noun (n.) A hole or low place in land or rock, where waters sink and are lost; -- called also sink hole.
 noun (n.) The lowest part of a natural hollow or closed basin whence the water of one or more streams escapes by evaporation; as, the sink of the Humboldt River.
 verb (v. i.) To fall by, or as by, the force of gravity; to descend lower and lower; to decline gradually; to subside; as, a stone sinks in water; waves rise and sink; the sun sinks in the west.
 verb (v. i.) To enter deeply; to fall or retire beneath or below the surface; to penetrate.
 verb (v. i.) Hence, to enter so as to make an abiding impression; to enter completely.
 verb (v. i.) To be overwhelmed or depressed; to fall slowly, as so the ground, from weakness or from an overburden; to fail in strength; to decline; to decay; to decrease.
 verb (v. i.) To decrease in volume, as a river; to subside; to become diminished in volume or in apparent height.
 verb (v. t.) To cause to sink; to put under water; to immerse or submerge in a fluid; as, to sink a ship.
 verb (v. t.) Figuratively: To cause to decline; to depress; to degrade; hence, to ruin irretrievably; to destroy, as by drowping; as, to sink one's reputation.
 verb (v. t.) To make (a depression) by digging, delving, or cutting, etc.; as, to sink a pit or a well; to sink a die.
 verb (v. t.) To bring low; to reduce in quantity; to waste.
 verb (v. t.) To conseal and appropriate.
 verb (v. t.) To keep out of sight; to suppress; to ignore.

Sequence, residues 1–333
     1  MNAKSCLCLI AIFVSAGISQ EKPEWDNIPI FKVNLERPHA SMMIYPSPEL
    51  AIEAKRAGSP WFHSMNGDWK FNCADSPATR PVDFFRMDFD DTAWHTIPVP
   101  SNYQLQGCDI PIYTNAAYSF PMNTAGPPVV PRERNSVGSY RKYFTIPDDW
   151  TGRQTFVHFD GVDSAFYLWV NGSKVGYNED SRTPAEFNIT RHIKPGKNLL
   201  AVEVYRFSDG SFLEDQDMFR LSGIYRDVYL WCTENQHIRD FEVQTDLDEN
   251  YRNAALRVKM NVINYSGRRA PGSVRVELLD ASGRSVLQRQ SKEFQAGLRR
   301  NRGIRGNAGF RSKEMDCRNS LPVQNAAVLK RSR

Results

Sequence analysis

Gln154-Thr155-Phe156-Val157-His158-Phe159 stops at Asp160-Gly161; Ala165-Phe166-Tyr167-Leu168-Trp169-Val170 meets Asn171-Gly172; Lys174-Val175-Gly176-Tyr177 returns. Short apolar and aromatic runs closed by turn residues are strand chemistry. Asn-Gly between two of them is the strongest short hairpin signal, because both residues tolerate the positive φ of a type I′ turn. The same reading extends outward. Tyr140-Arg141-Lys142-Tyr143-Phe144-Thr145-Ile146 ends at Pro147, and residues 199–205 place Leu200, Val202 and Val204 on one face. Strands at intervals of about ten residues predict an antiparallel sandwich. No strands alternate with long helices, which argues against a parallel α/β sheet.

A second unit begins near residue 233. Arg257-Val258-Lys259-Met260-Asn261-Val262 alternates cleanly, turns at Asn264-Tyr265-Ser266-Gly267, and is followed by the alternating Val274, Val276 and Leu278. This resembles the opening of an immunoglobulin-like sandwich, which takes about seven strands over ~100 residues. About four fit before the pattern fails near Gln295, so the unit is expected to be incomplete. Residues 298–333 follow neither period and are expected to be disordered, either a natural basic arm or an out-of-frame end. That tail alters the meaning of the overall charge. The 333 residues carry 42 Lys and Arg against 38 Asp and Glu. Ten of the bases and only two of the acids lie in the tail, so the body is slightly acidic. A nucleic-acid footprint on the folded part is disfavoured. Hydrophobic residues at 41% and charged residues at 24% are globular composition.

verb (v. t.) To reduce or extinguish by payment; as, to sink the national debt.

skeelducknoun (n.) Alt. of Skeelgoose

sketchbooknoun (n.) A book of sketches or for sketches.

skimbacknoun (n.) The quillback.

skinknoun (n.) Any one of numerous species of regularly scaled harmless lizards of the family Scincidae, common in the warmer parts of all the continents.
 noun (n.) Drink; also, pottage.
 verb (v. t.) To draw or serve, as drink.
 verb (v. i.) To serve or draw liquor.

skipjacknoun (n.) An upstart.
 noun (n.) An elater; a snap bug, or snapping beetle.
 noun (n.) A name given to several kinds of a fish, as the common bluefish, the alewife, the bonito, the butterfish, the cutlass fish, the jurel, the leather jacket, the runner, the saurel, the saury, the threadfish, etc.
 noun (n.) A shallow sailboat with a rectilinear or V-shaped cross section.

skirlcocknoun (n.) The missel thrush; -- so called from its harsh alarm note.

skulknoun (n.) A number of foxes together.